Mike Colle,George Clarke
Mike Colle,George Clarke

Queen’s Diamond Jubilee Medals for ‘unsung heroes’

By Admin Wednesday September 26 2012 in News
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It was with a heavy heart that George Clarke received his Queen’s Diamond Jubilee Medal from MPP Mike Colle last week.

 

Clarke’s wife of 45 years, Brunetta, is gravely ill in hospital and he was thinking of her throughout the ceremony. The Barbadian immigrants met in England in 1962 and were married when they came to Canada five years later.

 

“I am humbled by the award even though it comes at a difficult time for me,” he said, choking back tears.

 

The retired sales manager has been active in the York South-Weston community, where he was the federal liberal association manager.

 

“George is a proud Canadian and tireless volunteer all his life,” said Colle. “He organizes community picnics and barbecues for seniors and fundraises for his church and local charities. He is always there offering support and giving of his time.”

 

Besides his wife, Clarke is also keeping a close watch on Postal Station K, which Canada Post is considering selling. Located at Yonge St. just north of Eglinton Ave., the station sits on the site of Montgomery’s Tavern, where William Mackenzie organized, launched and ended the Upper Canada Rebellion in 1837.

 

“This is a historic building and an important component in our society,” said Clarke, who comes from a family of successful Barbadian lawyers.

 

His father, Cecil, was one of Barbados’ youngest scholars at age 16 and an Oxford graduate while his late brother, Alfred, was a Queen’s Counsel. Clarke’s nephew, Brian, is also a lawyer. He delivered the eulogy at Prime Minister David Thompson’s funeral two years ago.

 

Businesswoman and community worker, Letna Allen-Rowe, was also the recipient of a medal.

 

The 1977 Clarendon College graduate taught from kindergarten to the tertiary levels before migrating to Canada in 1993. She spent her last nine years in Jamaica with the Stony Hill Heart Academy, a vocational and technical institution.

 

Allen-Rowe has been actively involved with her alumni association and with the Alliance of Jamaican Alumni Associations of which she was a vice-president. She has also done a lot of community work with Toronto Police 13 Division and with the York-Eglinton Business Improvement Association.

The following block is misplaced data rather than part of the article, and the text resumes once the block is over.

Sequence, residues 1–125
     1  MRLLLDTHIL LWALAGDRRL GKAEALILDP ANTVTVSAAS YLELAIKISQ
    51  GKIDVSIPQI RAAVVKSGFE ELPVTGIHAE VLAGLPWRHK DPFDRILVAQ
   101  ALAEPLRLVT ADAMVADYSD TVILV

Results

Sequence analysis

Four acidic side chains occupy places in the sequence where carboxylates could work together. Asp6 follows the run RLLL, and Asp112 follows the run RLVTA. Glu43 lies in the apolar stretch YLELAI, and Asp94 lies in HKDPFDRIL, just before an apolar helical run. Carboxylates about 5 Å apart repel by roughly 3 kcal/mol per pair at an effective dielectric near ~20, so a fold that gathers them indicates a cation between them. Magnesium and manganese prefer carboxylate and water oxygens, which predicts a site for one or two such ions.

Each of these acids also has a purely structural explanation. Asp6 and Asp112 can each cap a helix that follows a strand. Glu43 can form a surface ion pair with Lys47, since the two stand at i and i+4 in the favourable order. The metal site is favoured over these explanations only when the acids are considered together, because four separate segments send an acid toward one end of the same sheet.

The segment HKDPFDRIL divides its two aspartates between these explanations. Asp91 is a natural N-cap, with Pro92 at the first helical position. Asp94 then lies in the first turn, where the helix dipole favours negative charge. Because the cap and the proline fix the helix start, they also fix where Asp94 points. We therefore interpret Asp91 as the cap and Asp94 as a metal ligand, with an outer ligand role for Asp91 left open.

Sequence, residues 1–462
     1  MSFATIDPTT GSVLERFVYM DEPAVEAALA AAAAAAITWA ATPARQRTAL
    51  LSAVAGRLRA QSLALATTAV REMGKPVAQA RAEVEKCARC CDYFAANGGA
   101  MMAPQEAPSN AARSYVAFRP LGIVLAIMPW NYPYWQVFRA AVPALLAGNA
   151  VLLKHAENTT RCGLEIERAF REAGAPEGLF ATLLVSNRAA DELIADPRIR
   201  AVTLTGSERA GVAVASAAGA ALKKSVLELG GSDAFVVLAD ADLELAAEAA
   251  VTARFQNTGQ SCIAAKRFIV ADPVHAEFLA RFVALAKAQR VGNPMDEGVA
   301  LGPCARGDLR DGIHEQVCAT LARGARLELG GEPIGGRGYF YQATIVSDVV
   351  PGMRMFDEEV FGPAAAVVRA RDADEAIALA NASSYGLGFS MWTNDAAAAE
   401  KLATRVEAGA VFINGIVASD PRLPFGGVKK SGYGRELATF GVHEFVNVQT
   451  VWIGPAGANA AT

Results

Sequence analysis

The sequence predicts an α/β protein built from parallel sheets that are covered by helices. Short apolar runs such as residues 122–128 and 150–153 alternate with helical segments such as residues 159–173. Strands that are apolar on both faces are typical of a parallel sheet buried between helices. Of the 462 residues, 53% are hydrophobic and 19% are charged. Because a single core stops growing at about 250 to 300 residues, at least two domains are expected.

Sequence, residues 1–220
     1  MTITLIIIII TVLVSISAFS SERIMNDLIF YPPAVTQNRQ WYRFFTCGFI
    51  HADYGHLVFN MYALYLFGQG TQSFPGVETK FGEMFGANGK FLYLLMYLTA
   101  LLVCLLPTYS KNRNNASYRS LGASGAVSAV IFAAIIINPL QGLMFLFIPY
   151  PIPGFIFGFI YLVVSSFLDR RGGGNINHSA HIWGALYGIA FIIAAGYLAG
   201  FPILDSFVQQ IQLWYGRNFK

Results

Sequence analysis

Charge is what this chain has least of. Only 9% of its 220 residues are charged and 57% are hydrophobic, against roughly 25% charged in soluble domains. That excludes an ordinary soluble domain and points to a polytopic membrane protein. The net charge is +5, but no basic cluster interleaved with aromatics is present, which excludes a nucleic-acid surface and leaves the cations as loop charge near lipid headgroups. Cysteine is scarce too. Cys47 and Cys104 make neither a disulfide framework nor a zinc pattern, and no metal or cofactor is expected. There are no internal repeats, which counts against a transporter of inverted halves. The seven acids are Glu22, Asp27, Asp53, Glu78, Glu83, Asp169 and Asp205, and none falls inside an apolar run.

When she’s not working in the community, she’s on stage making people laugh. Trained at the Jamaica School of Drama and the National Institute of Broadcasting in Canada, Allen-Rowe appeared in several Little Theatre Movement pantomimes in Jamaica. Her credits include Against His Will, You Me An Mi Taxi, Mr. Garvey, Black in Time, Full House and Oliver & Cinderella.

 

She has toured internationally with Oliver Samuels, considered Jamaica’s King of Comedy, and appeared locally in several Marcia Brown Production plays, including Rosetta, where she played the role of a fiery Miss Mini.

 

Following the death of Louise Bennett-Coverley in the Greater Toronto Area in July 2006, Allen-Rowe has stepped into the role, inspiring audiences with her Miss Lou imitations.

 

“The spirit of those gone before me has left an everlasting mark on my life,” said Allen-Rowe, who is the product and business development manager at Rapid Remittance Money Transfer. “They gave me the confidence and the courage to be doing what I am doing.”

 

Colle said Allen-Rowe is a special person in the community.

 

“Letna brings joy, laughter and many fond memories through her own sharing of experiences as a young girl growing up in Jamaica,” he said. “She’s a very generous and committed community worker.”

 

Clarke and Allen-Rowe were among 14 community representatives presented with medals to mark the ascension to the throne on Feb 6, 1952 of the second longest-serving monarch in British history.

 

“We are honouring people here tonight that don’t get recognized in the media and there are no books written about them,” said Colle. “They are people typical of what makes Canada the incredible country that it is. They are the unsung heroes, the day-to-day people who deserve recognition.”

By RON FANFAIR

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